As a woman with 15 years experience in the corporate construction world, I've sat back and watched much younger people with less than 5 years experience, advance in the company because, they keep their business opinions to themselves and tell the corporate execs, what they want to hear! Is this the only way to advance in corporate America? Does experience and professional knowledge....not to mention loyalty...mean absolutely nothing in the corporate world? Especially, if your an opinionated woman? Curious to hear comments on this, as I'm at a loss! Is this what we've become? Sugar-coated liars, rather than truthful, knowledgeable professionals, who are free to express their opinions in order to better the outcome of the company as a whole ? Years of personal experience within the same corporate construction industry, has proven that you will only advance as a woman, if you are seen but only heard if your opinion is given to you and approved by management executives, in advance! Very sad!

buhlerar's picture

And what you can control is you.

Your description includes a lot of assumptions and conclusions, as opposed to simply stating the facts.  Your conclusions may be accurate, but there are many ways to interpret almost any set of facts.  Perhaps it's true that less experienced people are being promoted because they don't rock the boat, and perhaps they're being promoted because they're not women.  It's possible, and if so then complaining about it is obviously going to work against you.  As they say, embrace reality.  And quit smashing yourself into a wall just because you don't like where they put the door.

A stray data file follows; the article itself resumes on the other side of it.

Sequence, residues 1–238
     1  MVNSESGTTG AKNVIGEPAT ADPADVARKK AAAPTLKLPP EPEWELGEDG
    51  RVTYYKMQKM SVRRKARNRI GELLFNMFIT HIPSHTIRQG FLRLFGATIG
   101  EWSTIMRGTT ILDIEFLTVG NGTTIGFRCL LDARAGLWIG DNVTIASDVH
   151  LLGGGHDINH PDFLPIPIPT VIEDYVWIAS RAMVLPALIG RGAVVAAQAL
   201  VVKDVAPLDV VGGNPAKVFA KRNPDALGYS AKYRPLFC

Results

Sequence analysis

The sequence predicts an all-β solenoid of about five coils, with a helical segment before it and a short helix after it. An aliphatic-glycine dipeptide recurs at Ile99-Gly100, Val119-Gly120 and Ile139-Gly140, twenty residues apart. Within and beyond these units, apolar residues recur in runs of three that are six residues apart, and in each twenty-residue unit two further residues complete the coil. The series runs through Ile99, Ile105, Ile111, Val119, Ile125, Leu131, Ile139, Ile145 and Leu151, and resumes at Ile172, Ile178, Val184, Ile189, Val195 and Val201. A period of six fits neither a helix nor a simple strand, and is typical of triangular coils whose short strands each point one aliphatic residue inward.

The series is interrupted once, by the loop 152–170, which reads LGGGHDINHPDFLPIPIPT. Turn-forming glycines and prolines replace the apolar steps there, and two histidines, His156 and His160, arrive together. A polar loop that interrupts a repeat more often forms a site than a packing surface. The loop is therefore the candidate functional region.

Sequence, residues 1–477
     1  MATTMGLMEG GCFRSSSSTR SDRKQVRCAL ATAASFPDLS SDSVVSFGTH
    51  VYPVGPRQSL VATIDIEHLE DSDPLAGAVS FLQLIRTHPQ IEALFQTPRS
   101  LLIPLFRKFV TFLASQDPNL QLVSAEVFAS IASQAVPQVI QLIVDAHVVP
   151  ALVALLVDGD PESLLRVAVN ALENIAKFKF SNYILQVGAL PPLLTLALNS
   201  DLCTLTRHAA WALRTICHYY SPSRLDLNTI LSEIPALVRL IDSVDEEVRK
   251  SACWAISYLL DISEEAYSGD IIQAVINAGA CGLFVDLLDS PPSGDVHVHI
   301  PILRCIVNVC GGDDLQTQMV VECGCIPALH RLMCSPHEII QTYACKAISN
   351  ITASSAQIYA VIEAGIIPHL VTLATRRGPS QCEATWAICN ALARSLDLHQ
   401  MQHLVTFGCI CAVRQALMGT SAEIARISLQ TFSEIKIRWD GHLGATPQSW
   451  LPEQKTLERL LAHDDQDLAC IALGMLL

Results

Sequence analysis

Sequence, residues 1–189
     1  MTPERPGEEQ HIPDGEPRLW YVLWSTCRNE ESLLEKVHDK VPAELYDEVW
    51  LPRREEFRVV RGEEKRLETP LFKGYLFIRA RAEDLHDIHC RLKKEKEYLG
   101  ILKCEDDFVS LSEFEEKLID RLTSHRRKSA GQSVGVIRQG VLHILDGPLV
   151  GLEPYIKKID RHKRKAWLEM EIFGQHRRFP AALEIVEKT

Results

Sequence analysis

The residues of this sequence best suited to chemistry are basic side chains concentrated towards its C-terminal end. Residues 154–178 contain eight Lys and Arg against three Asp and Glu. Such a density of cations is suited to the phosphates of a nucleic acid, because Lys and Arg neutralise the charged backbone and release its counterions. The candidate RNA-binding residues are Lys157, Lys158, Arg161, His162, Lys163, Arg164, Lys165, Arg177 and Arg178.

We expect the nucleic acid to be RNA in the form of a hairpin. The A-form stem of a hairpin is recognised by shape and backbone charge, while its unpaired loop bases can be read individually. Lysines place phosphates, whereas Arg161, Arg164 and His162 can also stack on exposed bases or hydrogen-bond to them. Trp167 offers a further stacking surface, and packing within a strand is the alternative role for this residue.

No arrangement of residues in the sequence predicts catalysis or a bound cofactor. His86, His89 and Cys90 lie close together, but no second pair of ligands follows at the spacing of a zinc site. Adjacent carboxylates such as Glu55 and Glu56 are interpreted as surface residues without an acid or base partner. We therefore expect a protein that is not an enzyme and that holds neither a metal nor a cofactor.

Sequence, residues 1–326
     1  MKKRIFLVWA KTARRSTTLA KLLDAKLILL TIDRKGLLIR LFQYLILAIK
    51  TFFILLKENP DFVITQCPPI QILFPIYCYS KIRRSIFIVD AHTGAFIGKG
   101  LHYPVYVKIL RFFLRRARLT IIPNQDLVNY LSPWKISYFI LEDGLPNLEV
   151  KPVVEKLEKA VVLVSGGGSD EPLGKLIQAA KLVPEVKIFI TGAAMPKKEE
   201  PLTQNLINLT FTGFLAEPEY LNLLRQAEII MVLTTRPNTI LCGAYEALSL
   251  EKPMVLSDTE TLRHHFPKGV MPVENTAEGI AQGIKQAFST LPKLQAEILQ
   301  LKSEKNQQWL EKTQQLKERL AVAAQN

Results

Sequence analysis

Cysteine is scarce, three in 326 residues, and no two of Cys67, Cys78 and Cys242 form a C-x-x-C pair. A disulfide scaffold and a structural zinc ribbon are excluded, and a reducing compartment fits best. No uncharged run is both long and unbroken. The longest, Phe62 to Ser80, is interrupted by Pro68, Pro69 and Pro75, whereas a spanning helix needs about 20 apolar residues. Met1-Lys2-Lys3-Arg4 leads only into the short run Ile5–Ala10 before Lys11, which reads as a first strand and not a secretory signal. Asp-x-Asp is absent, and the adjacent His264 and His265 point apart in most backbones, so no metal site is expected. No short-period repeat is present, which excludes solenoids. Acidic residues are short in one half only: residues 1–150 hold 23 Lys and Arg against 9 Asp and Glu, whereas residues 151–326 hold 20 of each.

That being said, it is not a universal truth that people with 15 years experience are better than people with 5 years of experience -- 5 years is more than enough time to prove yourself enough to be promoted to the next level.  It is also not a universal truth that your opinions would better the outcome of the company -- almost certainly you are sharing ideas that would not work.  And you have certainly not "proven that you will only advance as a woman, if you are seen but only heard if your opinion is given to you and approved by management executives, in advance."  All you've proven is that what YOU are doing in YOUR specific company isn't working.